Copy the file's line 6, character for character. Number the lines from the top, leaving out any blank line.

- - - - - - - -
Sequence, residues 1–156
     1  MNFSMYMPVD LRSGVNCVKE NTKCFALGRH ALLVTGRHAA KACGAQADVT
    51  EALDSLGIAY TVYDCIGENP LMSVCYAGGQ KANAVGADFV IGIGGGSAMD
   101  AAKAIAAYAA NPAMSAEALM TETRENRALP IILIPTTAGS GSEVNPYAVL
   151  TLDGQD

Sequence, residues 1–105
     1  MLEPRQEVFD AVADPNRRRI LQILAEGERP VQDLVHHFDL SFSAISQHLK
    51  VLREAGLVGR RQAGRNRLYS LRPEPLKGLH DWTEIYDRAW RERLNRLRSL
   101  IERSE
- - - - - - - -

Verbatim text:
Sequence, residues 1–105